Shield design

The shield was made of lead sheets 14 cm in length and 6.5 cm in width. The cumulative thickness was 1.1 cm, approximately equivalent to 4-5 half value layer (HVL) for 192Ir.

Dose measurement

The testicular dose was measured using LiF thermoluminescent dosimeters (TLD), a 1 cm × 1 cm polyethylene pouch consisting of approximately 40 mg of TLD-100 (LiF: Mg, Ti) powder (The Harshaw Chemical Co. Solon, Ohio, USA) in it, so that at least three readings could be procured from it. Prior to each irradiation, the TLD powder was annealed using thermal cycle 400°C (± 5°C) for 1 h, cooling for 5 min and 100°C for 2 h in Programmable Muffle Furnace (Model-126, Fisher Scientific Co, Pittsburgh, USA), and then cooled to room temperature.

Placement of thermoluminescent dosimeters

Testes were palpated and the first set of TLDs placed on the anterior scrotal skin on either side immediately anterior to the center of the testes (entry dose). Similarly, the second set were placed immediately posterior to the testes (exit dose). The average of the two value sets was a fair estimate of the dose received by the testes. The lead shield was then placed over the scrotum and a TLD placed in the center over the shield, facing the posterior aspect of shaft. This would act as a surrogate for the testicular dose received in the absence of shielding. These 5 measurements were carried out for 3 fractions for each patient and mean values computed (Figures 1 and 2).

Measuring absorbed dose

A constant time gap of 24 h was maintained between irradiation and readout. Rexon UL-320 TLD Reader (TLD systems Inc., USA) was used to record TL output at maximum acquisition temperature of 280°C using constant heating rate of 14°C/sec. For each readout, 10 mg powder was used. Hence, 4 readings were obtained from each TLD pouch and the mean value of net TL output per unit weight of these readings was used for calculation of absorbed dose.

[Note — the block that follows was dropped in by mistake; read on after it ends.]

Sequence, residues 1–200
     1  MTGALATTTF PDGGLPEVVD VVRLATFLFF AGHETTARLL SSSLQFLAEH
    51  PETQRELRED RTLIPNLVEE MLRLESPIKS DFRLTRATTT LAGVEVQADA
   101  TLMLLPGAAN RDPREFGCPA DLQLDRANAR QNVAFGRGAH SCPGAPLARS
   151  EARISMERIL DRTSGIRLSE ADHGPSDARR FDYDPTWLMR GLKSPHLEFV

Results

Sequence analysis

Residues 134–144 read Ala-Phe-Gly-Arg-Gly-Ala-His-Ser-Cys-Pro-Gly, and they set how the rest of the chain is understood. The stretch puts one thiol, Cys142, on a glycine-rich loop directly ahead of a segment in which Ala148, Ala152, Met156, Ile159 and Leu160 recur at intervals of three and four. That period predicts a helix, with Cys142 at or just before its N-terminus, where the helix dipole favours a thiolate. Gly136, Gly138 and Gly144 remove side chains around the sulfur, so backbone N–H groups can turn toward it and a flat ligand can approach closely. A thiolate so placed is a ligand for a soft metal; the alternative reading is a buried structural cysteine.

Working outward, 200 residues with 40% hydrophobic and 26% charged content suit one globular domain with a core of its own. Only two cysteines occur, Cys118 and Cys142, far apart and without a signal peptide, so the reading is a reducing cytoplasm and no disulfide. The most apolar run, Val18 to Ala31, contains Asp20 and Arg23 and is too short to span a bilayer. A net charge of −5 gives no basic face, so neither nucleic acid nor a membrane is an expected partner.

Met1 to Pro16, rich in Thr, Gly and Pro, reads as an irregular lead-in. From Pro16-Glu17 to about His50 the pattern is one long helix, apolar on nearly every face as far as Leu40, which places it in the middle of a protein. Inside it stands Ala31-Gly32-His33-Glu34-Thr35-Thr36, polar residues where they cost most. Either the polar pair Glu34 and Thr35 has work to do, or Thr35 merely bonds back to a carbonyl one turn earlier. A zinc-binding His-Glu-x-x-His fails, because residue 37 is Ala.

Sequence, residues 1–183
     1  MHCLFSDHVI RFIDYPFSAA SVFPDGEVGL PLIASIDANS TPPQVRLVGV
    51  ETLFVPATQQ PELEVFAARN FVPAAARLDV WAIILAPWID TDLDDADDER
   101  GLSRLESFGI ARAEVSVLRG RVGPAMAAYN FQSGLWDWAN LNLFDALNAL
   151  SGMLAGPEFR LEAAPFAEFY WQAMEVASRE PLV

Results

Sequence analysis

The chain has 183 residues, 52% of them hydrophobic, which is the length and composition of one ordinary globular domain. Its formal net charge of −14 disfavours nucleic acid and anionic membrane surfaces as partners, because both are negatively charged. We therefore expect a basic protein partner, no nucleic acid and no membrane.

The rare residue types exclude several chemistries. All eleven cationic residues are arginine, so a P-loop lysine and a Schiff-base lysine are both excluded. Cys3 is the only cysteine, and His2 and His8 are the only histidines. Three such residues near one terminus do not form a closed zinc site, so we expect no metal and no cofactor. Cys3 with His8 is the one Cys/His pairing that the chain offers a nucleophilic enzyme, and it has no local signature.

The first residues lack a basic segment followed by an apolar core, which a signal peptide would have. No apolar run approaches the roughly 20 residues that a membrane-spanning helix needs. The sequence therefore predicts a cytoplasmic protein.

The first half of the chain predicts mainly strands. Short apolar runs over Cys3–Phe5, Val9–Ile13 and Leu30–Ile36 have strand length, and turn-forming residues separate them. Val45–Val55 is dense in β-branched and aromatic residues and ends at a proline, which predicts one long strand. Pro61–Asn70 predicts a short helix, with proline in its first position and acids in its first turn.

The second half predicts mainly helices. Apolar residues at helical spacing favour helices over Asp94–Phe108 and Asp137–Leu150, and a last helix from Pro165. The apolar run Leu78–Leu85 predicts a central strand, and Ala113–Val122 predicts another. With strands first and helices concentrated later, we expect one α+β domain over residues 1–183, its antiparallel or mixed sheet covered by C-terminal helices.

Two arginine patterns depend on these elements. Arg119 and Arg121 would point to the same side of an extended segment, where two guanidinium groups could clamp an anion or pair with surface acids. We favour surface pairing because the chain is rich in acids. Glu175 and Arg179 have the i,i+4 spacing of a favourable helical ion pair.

Calibration of thermoluminescent dosimeters

Dose response curve for the TLD-100 powder was generated in 60Co gamma ray beam (Equinox 80, MDS Nordion, Canada). Irradiation was performed in a virtual water phantom and the measuring point had at least 10 cm of scatter material on all sides to provide full scattering condition.

Phantom dosimetry

To measure the efficacy of the shield in reducing testicular dose, a wax phantom of size 3 × 3 cm with separation 4 cm was used. The source was positioned on the anterior side and irradiated for 2 minutes with single dwell position. The TLDs were placed on the posterior aspect, just below the source and above the first lead sheet. The lead sheets were arranged, one below the other, and TLDs placed below each sheet subsequently to measure their individual attenuation. This simulated the treatment situation. The measured dose was plotted against the lead thickness to study the dose attenuation and determine half value thickness (HVT) for mHDR 192Ir source.

Results

As detailed in material and methods, two patients underwent TLD measurements for 3 fractions of HDR and extrapolated to the remaining fractions.

Testicular doses (see Table 1)

Patient A: A total of 44 Gy in 11 fractions was delivered at 4 Gy per fraction, twice daily 6 h apart. The dose to left and right testes was 2.88 ± 0.10 cGy and 3.89 ± 0.74 cGy, respectively, resulting in a cumulative dose of 31.68 ± 1.10 cGy and 42.79 ± 8.14 cGy.
Patient B: A total of 48 Gy in 12 fractions was delivered at 4 Gy per fraction, twice daily 6 h apart. The dose to left and right testes was 1.83 ± 0.40 cGy and 1.94 ± 0.07 cGy, respectively, resulting in a cumulative dose of 21.96 ± 4.80 cGy and 23.28 ± 0.84 cGy.

Effect of shielding on dose to the testis

The mean dose measured at the posterior aspect of penile shaft was 65.65 ± 6.1 cGy and 67.3 ± 5.6 cGy for the two patients, amounting to 16.4% and 16.8% of the total delivered dose. This dose being a surrogate for the “unshielded” testicular dose, one can safely assume that unshielded, the cumulative testicular dose would be 722.15 ± 67.1 cGy and 807.72 ± 67.44 cGy for two patients, respectively.